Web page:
In addition to the map above, the National Oceanic and Atmospheric Administration web site dedicated to the “St. Louis Blizzard” described the weather event this way:

On January 30th and 31st 1982, a 1-in-70 year snow event occurred from the eastern Ozarks to central Illinois with the heaviest axis of snow blanketing St. Louis, Missouri. The snow began during the evening of January 30th, a Saturday, and ended during the afternoon of Sunday, January 31st.  The snow paralyzed the area with government offices, many businesses, and schools cancelling work or class for up to a week after the snow ended.  The airport, Amtrak, and bus service were shut down. As many as 4,000 motorists were stranded on highways due to the blizzard-like conditions that were created over the region.

Many people became stranded for days, with hospital and emergency workers working 2 to 3 shifts due to their coworkers inability to make it work. According to the Post Dispatch, one subdivision, Bee Tree Estates in South St. Louis County, was cut off from civilization for five days.  Those who owned four-wheel-drive vehicles became the transportation service for the city, escorting nurses, doctors, and law enforcement to work. They also helped deliver necessary supplies to those in need and assisted ambulances, tow trucks, and other vehicles that became stuck in snow drifts.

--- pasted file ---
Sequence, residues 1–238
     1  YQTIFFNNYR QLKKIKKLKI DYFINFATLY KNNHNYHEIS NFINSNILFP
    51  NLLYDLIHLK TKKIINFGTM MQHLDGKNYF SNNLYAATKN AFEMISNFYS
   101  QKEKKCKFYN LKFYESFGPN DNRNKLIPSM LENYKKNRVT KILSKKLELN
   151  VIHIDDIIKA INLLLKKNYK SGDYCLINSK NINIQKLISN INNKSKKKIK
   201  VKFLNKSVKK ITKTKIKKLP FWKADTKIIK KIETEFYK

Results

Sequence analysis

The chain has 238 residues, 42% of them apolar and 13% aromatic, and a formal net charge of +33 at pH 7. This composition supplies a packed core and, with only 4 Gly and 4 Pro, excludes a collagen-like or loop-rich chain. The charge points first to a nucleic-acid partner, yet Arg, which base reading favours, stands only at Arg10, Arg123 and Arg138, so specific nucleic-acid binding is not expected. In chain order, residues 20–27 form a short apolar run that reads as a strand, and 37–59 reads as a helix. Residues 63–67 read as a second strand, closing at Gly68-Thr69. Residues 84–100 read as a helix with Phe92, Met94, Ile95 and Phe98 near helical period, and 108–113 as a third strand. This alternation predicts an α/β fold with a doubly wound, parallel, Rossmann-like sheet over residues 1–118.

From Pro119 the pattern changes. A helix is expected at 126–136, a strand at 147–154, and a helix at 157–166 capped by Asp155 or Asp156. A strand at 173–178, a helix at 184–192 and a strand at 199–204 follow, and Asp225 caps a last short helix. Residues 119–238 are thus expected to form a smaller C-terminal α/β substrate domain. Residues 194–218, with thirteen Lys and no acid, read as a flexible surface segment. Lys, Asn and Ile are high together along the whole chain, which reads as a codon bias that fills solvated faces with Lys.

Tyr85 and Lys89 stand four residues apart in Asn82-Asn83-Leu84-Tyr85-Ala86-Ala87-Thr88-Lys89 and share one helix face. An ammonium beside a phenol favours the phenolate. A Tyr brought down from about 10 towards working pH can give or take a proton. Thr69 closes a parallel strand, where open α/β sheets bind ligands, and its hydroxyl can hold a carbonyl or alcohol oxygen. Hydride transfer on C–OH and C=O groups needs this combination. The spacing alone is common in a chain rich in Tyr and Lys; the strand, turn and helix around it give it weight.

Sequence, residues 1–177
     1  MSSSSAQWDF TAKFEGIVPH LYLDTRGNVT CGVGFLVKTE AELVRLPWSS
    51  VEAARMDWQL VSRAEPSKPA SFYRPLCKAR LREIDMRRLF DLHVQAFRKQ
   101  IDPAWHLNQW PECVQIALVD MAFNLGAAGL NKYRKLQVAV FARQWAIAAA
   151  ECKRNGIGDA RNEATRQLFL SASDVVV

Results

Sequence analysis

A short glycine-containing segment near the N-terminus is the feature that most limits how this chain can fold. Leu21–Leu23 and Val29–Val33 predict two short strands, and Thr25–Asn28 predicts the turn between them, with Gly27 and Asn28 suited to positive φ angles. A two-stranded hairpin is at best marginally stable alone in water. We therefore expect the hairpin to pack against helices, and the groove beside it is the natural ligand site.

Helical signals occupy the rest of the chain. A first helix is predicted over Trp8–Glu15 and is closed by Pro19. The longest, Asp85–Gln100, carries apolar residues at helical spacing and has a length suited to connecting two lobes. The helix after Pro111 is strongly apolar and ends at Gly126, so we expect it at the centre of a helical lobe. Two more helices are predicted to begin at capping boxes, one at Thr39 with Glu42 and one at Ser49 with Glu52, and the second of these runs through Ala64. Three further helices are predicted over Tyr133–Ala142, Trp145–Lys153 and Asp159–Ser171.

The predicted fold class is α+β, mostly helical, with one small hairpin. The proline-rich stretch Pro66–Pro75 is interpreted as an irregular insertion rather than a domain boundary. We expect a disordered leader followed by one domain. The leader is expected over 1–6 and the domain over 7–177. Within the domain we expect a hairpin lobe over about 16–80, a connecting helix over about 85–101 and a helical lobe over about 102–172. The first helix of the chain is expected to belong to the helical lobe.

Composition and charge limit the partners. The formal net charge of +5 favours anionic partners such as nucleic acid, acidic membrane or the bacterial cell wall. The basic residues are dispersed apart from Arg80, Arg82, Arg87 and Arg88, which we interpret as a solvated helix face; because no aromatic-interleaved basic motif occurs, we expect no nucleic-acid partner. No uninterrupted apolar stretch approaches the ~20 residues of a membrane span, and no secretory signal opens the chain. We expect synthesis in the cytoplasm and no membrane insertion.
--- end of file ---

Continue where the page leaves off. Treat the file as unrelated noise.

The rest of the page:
Residents across the area helped each other dig out from the worst snowstorm since February 20th, 1912 when 15.5 inches of snow was recorded. Mayor Vincent C. Schoemehl Jr., and then County Executive Gene McNary declared snow emergencies. The Missouri National Guard was eventually brought in to help with the disaster and ease the situation in the City of St. Louis.

In a post Dec. 1, 2006, Gateway Pundit shared news of 500,000 people being without power.  In a post one day later, he included the power-outage graphic depicting the ice storm’s impact.

Stay tuned for updates!  This should be a doozy!

FYI: If you enjoy this blog and want to keep reading stories like the one above, show your support by using the “Support Bob” tool at right. Thanks in advance for your support!